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barcrossliar
I guess anyone can be a
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« Reply #1498 on: May 02, 2012, 10:04:44 PM »

I wish I had only ONE plagiarist. I'm about to fail 13 students. Setting aside my feelings about the cheating, I'm completely pissed off about the time it's taken to fully document their behavior. Create 13 files, print out 13 original sources, highlight the duplicate passages, write up the evidence, blah blah blah. Because I had tons of free time this week. Just tons.


Holy Carp! 13!
Good on you for following through.

And your TA should be booted.  I used to have to get lab papers to a prof in time for a 9 a.m. course and students were allowed to drop off their work until 10 pm THE NIGHT BEFORE.
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Every educated person's not a plumb greenhorn.

"where whining mendeth nothing, wherefore whine?"--R.L. Stevenson

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polly_mer
practice makes perfect
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Have you worked on that project today?


« Reply #1499 on: May 03, 2012, 8:34:56 AM »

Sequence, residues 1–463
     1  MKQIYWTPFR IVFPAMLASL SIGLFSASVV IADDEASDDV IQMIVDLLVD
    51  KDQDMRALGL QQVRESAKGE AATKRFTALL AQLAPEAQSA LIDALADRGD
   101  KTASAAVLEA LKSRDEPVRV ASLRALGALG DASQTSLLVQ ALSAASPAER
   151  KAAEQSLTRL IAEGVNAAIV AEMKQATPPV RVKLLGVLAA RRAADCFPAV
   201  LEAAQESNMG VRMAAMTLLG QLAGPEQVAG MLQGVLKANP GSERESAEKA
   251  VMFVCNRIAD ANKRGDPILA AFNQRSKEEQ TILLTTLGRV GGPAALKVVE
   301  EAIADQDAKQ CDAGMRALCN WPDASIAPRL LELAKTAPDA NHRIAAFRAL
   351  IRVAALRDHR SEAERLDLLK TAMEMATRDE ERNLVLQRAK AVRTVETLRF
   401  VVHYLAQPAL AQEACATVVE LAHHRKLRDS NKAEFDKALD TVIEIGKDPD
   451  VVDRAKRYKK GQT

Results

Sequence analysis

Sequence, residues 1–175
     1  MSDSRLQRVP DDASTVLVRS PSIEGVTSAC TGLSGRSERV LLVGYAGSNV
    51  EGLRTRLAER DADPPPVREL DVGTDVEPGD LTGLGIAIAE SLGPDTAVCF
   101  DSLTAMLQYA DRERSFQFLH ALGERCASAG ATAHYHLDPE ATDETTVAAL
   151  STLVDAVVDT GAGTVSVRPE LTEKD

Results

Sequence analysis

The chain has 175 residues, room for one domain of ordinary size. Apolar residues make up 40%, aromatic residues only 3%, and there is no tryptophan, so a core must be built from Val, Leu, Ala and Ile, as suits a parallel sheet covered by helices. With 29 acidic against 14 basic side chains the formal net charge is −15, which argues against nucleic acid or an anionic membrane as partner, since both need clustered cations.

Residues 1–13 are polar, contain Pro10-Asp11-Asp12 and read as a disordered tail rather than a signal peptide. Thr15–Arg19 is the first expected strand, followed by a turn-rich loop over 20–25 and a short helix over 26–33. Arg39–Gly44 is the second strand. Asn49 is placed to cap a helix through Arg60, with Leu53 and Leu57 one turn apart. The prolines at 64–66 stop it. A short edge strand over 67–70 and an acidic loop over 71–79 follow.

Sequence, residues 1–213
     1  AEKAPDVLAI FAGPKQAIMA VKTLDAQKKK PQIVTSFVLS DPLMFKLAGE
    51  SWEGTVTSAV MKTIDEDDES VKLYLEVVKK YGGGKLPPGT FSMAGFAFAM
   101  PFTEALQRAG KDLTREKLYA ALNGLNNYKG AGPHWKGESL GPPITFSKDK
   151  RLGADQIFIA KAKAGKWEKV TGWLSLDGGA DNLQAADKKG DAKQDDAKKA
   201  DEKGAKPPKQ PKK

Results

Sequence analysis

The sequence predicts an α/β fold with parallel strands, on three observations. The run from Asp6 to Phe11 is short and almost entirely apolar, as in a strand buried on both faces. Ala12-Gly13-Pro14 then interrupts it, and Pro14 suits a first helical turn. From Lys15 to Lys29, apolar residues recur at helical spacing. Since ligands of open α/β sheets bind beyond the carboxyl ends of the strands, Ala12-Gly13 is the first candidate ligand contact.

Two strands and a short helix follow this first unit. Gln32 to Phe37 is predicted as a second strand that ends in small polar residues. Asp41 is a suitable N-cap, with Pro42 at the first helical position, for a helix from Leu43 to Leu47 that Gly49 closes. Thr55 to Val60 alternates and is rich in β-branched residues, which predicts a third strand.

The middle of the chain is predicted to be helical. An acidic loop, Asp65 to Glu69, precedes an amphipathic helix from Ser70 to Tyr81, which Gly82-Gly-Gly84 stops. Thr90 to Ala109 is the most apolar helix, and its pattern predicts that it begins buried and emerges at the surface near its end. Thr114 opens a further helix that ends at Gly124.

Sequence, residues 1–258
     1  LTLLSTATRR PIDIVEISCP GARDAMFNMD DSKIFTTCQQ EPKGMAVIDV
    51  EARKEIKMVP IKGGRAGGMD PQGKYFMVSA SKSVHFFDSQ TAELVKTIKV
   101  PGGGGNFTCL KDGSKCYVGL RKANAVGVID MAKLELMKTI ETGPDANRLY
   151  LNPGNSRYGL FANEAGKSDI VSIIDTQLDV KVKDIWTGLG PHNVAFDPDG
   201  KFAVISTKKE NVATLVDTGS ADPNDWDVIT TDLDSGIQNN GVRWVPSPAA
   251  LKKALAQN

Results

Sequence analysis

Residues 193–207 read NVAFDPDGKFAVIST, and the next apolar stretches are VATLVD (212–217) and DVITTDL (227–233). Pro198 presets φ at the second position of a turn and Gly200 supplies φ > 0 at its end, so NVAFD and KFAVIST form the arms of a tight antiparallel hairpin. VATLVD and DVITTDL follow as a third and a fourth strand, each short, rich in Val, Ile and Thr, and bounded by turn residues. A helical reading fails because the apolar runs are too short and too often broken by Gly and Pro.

... I'm completely pissed off about the time it's taken to fully document their behavior. Create 13 files, print out 13 original sources, highlight the duplicate passages, write up the evidence, blah blah blah. Because I had tons of free time this week. Just tons.

That's one thing I like about Turnitin.com. Download and email or print the originality report, done. There are other forms to fill out of course, but documenting blatant plagiarism is easier with that tool. And yes, I'm in the midst of this now. Sigh.


My SafeAssign doesn't catch too many plagiarists.  In fact, the last two that were blatant to my eyes earned very low scores in Safeassign because the students had done just enough to monkey with the word order.
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I've joined a bizarre cult called JordanCanonicalForm's Witnesses.  I have to go from door to door asking people things like, "Good evening, sir!  Do you have a moment to chat about Linear Transformations?"